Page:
Initially, I installed LastPass on my Windows 8 PC. LastPass works on most platforms, operating systems, and browsers, although I recommend starting out on your PC or Mac and then rolling out LastPass to your other devices (e.g. phones and tablets). I already used Chrome to manage my passwords, so when LastPass started for the first time on my PC, it asked me if I’d like to automatically put the passwords it found on my hard drive into what LastPass calls the Vault. I replied, “yes,” and a few minutes later LastPass had access to all my passwords, user ids, and the sites I access. I picked a few sites, and verified that I could correctly log in. In a few cases, I had to correct the email address being used for the user id. I changed email accounts a few years back, and some of the data on my hard drive still had the old email address. LastPass also asked me if I’d like to delete the password data from my hard drive, but I said no. I knew I could take that step later if desired. Plus, I planned to change all my passwords anyway.
At this point, you could stop and take a break, but you really haven’t gained any additional security protection. LastPass is just managing the same weak passwords that were already in use before you installed it. I went on to use LastPass to log me back into each of the sites it was managing for me in the Vault. Then I navigated to the Change Password section of my online account. I used LastPass to generate a new strong password, and then I saved the information on both the site and back in the LastPass Vault. Easy! Before long, all my passwords were unique and strong!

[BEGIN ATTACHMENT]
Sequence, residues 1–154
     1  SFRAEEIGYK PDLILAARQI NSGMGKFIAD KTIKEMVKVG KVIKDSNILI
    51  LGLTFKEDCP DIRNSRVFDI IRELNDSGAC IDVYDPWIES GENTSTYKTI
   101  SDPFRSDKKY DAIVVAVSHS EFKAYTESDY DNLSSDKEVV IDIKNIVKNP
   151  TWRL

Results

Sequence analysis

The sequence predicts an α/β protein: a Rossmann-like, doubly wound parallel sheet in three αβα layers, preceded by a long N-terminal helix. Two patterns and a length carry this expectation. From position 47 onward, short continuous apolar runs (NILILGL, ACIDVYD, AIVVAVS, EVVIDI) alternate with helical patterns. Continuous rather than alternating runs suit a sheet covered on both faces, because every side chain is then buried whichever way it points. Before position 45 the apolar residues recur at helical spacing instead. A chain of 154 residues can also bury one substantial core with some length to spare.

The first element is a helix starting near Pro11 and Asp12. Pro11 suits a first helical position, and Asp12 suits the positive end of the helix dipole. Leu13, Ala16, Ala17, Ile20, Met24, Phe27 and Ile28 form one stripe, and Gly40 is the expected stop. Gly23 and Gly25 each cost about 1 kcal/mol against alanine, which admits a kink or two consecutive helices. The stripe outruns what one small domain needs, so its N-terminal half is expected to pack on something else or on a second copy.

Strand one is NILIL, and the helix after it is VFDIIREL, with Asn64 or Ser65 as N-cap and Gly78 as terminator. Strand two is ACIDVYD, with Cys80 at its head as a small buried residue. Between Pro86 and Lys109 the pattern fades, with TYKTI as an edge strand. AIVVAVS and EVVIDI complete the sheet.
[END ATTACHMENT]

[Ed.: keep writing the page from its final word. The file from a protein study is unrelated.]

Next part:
LastPass provides a Chrome extension, as well as extensions for all the other major browsers, that will help to automatically fill in your passwords when you log into websites. I have found this extension to be very helpful as well, and I recommend that you install the right one for your browser.
After I was totally happy with how LastPass was configured on my PC, I set out to enable LastPass on my iPhone, Galaxy Tab 3, and iPad 2. I started out by going to the App Store or Google Play Store and downloading the LastPass for Premium application. While it is free to use LastPass on your PC or Mac, it will cost you $1 a month to create a LastPass Premium account and use LastPass across all your devices. I think it’s worth it! As I invoked LastPass on each device, I put in my LastPass password and automatically had access to the same Vault as I have on my PC.